Assuming that you have some sort of education in physics to a respectable level, you will know about fundamental particles. You will most probably know that all fundamental particles have anti-particles also.
One of the more known examples is the electron anti-particle; the positron.
Fundamental particles exist in 2 families (as of we know, although a third [and more] families are being theorised), Leptons and Hadrons.
The particles I want to concentrate on most, are the electrons, the protons, and the neutrons, which naturally occur and make up you and I, and their alternative opposites, positrons, anti-protons, and anti-neutrons.
Anti-particles have been observed and factually exist, yet do not naturally occur. And when an anti-particle meets it's opposite, they will both annihilate into waves or further elementary particles depending on the speed of collision, and the type of particles involved, (Hadron, or lepton).
Today I had an interesting thought; can I manufacture, somehow, an anti-atom?
It's simple to visualise, Anti-neutrons and Anti-Protons making up the nucleus, held together by the strong force they are subject to, and positrons whizzing about the outside.
Why has this never happened before at some far away area of the universe?
The mass and stability of the atom should be exactly the same, it should behave exactly like any other atom would when introduced to another anti-atom.
This anti-atom, whatever it may be, should experience covalent, ionic, and metallic bonding in exactly the same nature as a normal atom should.
This anti-atom should experience intermolecular forces such as Anti-Hydrogen Bonding, Anti Van de Waals.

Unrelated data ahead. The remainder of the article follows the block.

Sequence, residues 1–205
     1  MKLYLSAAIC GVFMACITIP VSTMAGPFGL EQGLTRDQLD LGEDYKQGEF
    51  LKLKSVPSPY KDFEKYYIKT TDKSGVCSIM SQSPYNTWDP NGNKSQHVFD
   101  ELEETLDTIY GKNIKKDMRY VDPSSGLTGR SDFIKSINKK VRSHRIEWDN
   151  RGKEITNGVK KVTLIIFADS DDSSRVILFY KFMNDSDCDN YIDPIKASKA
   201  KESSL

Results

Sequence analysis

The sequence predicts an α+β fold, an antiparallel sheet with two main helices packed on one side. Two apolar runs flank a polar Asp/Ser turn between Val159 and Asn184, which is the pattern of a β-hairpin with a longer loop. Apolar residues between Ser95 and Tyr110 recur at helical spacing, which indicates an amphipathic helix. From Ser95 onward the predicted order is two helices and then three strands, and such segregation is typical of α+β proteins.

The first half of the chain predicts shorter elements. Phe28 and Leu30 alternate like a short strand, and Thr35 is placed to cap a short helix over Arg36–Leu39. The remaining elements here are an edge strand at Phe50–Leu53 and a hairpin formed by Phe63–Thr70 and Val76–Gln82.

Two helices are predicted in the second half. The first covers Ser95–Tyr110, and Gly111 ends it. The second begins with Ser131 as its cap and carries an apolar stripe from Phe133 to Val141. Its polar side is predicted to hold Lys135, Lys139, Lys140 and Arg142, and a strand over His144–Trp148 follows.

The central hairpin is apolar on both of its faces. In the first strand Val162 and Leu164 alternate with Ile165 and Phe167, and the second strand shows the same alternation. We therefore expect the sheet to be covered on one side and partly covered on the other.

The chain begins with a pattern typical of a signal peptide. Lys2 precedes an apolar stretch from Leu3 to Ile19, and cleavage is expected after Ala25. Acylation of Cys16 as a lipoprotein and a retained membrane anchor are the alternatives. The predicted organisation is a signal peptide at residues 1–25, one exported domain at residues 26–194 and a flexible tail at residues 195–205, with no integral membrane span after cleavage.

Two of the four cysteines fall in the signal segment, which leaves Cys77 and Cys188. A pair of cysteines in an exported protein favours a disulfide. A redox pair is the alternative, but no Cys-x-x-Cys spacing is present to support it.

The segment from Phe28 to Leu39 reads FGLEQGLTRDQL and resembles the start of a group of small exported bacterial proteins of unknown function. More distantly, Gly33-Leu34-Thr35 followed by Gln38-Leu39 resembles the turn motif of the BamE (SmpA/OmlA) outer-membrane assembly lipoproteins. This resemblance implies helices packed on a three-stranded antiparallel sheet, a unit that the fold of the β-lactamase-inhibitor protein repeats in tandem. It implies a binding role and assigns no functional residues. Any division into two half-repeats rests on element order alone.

The maths add up, so why don't the statistics?
Well, me being abruptly curious of my own observation, decided to further theorise on my thoughts.
I know that an entity made of anti-particles, and an entity made up of normal particles, should annihilate in the same way that a singular particle would annihilate with it's corresponding anti-particle, and with that in mind, I began to visualise the very very start of the big bang - The very moment the first atom was made.
I began to think that the only factor that effects the existence of anti-particles today, is the fact that the first particle to exist separately from it's anti-correspondent, was a particle which naturally occurs today. The very thing that stopped Anti-particles from occurring naturally was the existence of a higher concentration of naturally occurring particles.
Therefore, the first atom created, was an atom made out of protons with positive charge, neutrons with no charge, and electrons with negative charge.
It was the imperfections of the big bang, which has allowed life to exist as it does.
Had it happened another way, we could be made out of anti-particles and anti-atoms.
When we drink water, we would be drinking anti-water. When we eat food, we would be eating anti-food, entirely the opposite yet similar in every way.
I mused on this theory for a while, before I got struck by a disturbing thought.
Do other universes exist, in which things happened differently, and by chance, what we know as anti-particles are the norm there?
Presuming the strengths of the four forces of nature are exactly the same in this anti-universe (further presuming there are only four forces), this universe could be very much like our's in every way, yet entirely opposite.
Now we know opposites annihilate, and I have heard theories of parralel universal membranes colliding, and using this as an example, the energy produced from two small entities annihilating, something as small as a 2 pence coin and an anti-2 pence coin, harbors the force of a nuclear bomb.
So how will the entire universe react when annihilating with the entire constituents of an "Anti-Universe"?
Big Bang II perhaps?
Just an interesting thought.